Aim for a system that is designed for your business needs and don’t pay for features you don’t need. Security standards can never be too high, and the system needs to have high fidelity in terms of video and audio quality. Go for a system that can be used via mobile devices and the web without having to be installed onto computers or local servers.

 

Are you satisfied with just ‘hoping’ your next meeting, message, video call or file share is secure, or would you prefer to be one hundred percent certain?

 

John Parkinson OBE is President of Secured Communications LLC, a global leader in secure communications and has been heavily involved in the development of Mercury, an ultra-secure, trusted web and mobile platform, available for companies globally. He served with West Yorkshire Police for over 33 years and retired as Chief Constable in 2013. He has specialist experience in counter terrorism, investigating major and serious organised crime, and with strategic leadership and organisational development.

SAN FRANCISCO | RENO TAHOE  | SYDNEY | LONDON

©2021 SECURED COMMUNICATIONS

  •  ALL RIGHTS RESERVED

29 SEPTEMBER 2020

HOW BUSINESSES CAN PROTECT THEIR VIDEO CALLS FROM HACKERS

BY JOHN PARKINSON

Video calls have become a main communication channel for many people as they continue to work from home in the midst of the Covid-19 pandemic. They are a fantastic way for colleagues and clients to get together virtually, allowing for face to face contact in these difficult times and bringing many business benefits as well helping to stem feelings of isolation.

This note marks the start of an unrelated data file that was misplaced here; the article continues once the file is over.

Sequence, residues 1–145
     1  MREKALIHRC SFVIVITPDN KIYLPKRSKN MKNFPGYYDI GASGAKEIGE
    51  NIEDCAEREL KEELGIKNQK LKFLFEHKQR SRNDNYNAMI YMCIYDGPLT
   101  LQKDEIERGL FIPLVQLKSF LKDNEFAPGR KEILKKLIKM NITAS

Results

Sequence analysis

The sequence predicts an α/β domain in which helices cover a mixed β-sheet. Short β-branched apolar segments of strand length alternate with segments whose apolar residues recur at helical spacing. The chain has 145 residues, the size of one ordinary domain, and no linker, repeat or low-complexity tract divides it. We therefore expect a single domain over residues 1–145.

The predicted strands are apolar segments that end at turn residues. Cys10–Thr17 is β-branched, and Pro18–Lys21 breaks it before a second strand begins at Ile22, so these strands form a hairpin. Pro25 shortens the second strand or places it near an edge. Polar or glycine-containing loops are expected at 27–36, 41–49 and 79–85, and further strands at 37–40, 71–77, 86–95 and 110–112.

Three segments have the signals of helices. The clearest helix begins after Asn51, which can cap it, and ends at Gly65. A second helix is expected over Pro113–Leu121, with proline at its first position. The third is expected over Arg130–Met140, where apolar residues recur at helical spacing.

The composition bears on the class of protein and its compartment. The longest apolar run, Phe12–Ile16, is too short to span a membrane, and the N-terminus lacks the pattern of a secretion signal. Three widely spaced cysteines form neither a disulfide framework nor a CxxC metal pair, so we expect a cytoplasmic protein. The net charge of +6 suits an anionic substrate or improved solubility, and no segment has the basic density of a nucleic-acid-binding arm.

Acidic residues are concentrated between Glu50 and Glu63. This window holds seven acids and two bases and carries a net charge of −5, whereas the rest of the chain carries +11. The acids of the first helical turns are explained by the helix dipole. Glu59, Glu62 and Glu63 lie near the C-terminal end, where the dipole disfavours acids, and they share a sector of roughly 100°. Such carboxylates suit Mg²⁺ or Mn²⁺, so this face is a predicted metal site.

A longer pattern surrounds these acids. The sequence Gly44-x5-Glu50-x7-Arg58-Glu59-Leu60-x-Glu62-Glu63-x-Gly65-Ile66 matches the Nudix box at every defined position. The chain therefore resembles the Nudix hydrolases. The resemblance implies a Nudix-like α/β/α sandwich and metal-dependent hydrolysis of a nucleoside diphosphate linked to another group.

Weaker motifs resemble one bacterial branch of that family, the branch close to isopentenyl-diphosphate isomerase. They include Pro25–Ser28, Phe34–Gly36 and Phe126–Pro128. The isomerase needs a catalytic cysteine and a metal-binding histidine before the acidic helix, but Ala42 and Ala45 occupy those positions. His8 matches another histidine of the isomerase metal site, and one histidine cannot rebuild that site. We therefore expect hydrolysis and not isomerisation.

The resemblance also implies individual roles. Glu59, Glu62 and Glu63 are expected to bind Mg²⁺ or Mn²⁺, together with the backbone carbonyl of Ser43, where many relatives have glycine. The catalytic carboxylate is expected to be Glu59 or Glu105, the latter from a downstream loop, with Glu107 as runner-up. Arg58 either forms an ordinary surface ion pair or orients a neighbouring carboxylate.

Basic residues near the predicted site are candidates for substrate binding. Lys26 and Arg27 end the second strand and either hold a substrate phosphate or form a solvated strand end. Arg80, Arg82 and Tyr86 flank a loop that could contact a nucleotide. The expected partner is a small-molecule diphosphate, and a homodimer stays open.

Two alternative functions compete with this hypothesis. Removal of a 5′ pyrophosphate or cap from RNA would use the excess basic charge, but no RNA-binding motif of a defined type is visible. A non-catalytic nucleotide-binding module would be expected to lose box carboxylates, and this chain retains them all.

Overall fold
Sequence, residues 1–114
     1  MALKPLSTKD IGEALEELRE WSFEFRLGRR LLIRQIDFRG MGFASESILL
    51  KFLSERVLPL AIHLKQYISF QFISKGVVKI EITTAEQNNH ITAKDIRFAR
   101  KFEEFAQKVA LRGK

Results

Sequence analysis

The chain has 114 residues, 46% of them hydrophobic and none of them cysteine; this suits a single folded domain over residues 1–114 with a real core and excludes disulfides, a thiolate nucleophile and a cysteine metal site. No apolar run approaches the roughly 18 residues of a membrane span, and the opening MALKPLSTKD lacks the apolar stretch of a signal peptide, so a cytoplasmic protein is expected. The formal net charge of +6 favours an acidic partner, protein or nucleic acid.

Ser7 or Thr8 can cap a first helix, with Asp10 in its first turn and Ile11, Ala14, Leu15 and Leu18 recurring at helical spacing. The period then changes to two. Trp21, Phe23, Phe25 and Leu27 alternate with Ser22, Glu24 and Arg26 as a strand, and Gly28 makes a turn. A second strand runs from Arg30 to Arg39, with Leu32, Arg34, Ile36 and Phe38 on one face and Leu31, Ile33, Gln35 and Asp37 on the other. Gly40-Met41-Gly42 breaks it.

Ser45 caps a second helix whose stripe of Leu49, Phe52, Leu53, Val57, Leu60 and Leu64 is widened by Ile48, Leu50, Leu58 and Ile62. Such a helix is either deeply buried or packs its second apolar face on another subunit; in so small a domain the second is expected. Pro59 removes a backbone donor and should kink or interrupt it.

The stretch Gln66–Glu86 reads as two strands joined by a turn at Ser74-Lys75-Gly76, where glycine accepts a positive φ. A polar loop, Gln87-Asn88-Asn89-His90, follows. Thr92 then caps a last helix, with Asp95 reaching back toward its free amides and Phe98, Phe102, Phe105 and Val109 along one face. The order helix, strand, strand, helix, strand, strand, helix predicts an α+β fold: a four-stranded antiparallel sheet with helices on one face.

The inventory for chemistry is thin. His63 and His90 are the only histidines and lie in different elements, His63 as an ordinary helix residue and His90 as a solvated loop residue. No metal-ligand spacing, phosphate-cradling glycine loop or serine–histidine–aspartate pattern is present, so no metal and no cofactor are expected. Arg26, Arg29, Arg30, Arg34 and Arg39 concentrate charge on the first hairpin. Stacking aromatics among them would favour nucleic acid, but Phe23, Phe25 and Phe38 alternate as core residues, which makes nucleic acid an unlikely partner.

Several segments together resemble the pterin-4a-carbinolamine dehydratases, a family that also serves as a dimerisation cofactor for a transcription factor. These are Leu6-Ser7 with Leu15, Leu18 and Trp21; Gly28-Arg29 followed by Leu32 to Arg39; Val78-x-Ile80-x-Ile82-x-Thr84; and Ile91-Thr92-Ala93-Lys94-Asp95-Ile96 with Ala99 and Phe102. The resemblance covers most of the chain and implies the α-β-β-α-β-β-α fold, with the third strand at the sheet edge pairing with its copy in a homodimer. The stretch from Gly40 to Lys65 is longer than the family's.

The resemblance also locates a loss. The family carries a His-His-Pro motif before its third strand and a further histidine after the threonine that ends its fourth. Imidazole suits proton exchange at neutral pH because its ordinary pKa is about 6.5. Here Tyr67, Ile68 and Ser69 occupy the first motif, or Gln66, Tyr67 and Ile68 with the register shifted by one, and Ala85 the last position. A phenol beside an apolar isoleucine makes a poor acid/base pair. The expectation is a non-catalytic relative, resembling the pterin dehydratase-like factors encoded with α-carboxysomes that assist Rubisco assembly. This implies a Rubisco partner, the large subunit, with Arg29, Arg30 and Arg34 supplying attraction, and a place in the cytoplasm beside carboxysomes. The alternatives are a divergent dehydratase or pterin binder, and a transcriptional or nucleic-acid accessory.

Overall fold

But business leaders need to be confident that their company information will remain private when employees are discussing work matters online.

 

Your company might not deal in national secrets but that doesn’t stop people from wanting to listen in on your conversations or see your data. Information like this can be especially useful for a competitor, a criminal or some other nefarious entity. If they succeed, not only can it be commercially damaging in terms of productivity or reputation, it can also be very costly.

 

A recent survey conducted by Forcepoint revealed 71% of global CEOs said they were losing sleep over the prospect of their company’s next security breach. This shows the problem is real, and its one that is on the minds of those responsible for protecting not only internal company data, but also that of their customers and clients. With the survey also revealing less than half (46%) regularly review their cyber security strategy – coupled with more and more companies relying on video technology for remote working – the likelihood, and therefore the risk, of a security breach is significantly higher.

 

When it comes to technology to keep us connected, there are many different platforms available for conferencing, calls, messaging and file sharing, with some having been around for a long time. As hackers become increasingly sophisticated, it’s crucial companies check that the systems they use have moved with the times, and that they continue to review and improve the security of the technology they rely on to communicate. Here are my top tips to consider when choosing a videoconferencing platform to facilitate remote working for your business: